I wish we lived closer to my office. It’s only 30 minutes away in no traffic but the times I travel for work hours it’s 45-50 minutes. Not horrible… but I don’t want to spend an extra hour-and-a-half a day traveling when I could be with my baby. I also wish we were closer so I could go home and nurse on lunch breaks. We talked a little bit about moving today, but it just doesn’t make a ton of sense. Our 1 bedroom apartment — while a one bedroom – is quite large… and we have rent control which keeps our rates down a bit. The in-apartment washer and dryer is amazing now and a must-have for baby IMO. The commute is not great, but it could be worse. It will be doable if I only have to go in three days a week…
Even with all of that, I’m just paranoid now because I know I have to go above and beyond at work to secure my position. I’d be doing this now anyway because I want my boss to be happy with my work and I want to help him succeed… but beyond that it’s so important that I connect with other senior leaders in the organization and become not just a disposable employee but someone known for doing great things for the org. I’m taking baby steps towards that… but it’s something I have to fully invest in over the next… seven months. I mean, I really only have seven months before I take leave, if I go on leave four weeks before my due date. That’s so crazy – that’s just over two quarters of work.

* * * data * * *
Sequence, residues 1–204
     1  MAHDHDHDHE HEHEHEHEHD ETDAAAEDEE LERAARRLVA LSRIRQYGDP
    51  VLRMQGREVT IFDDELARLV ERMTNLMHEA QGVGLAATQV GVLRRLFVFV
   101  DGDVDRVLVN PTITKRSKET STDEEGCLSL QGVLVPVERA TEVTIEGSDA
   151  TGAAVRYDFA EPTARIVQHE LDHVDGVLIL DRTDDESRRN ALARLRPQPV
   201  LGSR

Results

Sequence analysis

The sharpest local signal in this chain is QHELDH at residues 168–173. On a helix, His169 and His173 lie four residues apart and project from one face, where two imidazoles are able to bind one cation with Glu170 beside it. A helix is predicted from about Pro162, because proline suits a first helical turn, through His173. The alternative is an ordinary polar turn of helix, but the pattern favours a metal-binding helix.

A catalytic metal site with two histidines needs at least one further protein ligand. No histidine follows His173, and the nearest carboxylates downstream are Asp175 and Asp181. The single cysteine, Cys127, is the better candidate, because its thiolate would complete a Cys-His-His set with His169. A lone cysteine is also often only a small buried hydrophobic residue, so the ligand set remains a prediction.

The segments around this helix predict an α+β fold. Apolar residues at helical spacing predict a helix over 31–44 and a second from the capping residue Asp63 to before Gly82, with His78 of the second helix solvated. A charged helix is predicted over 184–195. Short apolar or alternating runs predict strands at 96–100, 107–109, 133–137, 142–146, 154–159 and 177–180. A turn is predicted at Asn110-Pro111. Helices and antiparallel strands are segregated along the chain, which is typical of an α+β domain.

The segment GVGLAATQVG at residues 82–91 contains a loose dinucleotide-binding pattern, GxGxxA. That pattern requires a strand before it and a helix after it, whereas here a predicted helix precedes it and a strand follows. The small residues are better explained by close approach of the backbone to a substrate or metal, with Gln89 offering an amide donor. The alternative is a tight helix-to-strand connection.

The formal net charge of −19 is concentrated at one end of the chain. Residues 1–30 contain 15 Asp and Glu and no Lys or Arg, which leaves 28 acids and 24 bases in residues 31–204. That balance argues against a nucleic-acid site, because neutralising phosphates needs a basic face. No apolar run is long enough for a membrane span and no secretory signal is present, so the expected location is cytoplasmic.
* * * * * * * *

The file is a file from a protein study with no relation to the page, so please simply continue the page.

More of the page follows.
Anything can happen in seven months. I could lose my job. I could get sick and need to take more time off. Morning sickness can kick in… as early as next week… and I could be vomiting all day, unable to focus on work at all. So many what ifs…. and this is before the kid is born.
This all makes me long for the olden days when women stayed home and took care of baby and the guy went to work. Scratch that. I don’t really want that. I think I’ll appreciate my job even more when it’s an excuse to get away from a screaming baby and an exhausted cranky husband. 🙂 BUT… the body wants to be near baby. Pumping seems so damn unnatural (because it is.) Yes, there is a mother’s room at work and I’m sure I’ll figure it all out… but pumping takes a lot of time too… I’ll leak and stuff like women do and be embarrassed and it’s all so horrible. My company is like 80%? male like most tech companies so it’s just not a place where there are tons of young mothers. Maybe that’s a good thing because I won’t have to compete for the mom room?
Anyway, I’m probably hallucinating when I think I’ll be able to go back to work at 4-6 weeks, but that’s currently the plan. Without any protected leave I worry for my job. With my stock grant I really need to stay employed and do an amazing job for the full four years… if I do that, and the economy doesn’t totally collapse, I can hit my $1M networth goal and perhaps then start thinking about taking some real time off to spend with my kids. That’s the dream. And I’ll only get there if I succeed in this job and become as irreplaceable as one can in a corporate environment.
Till next time,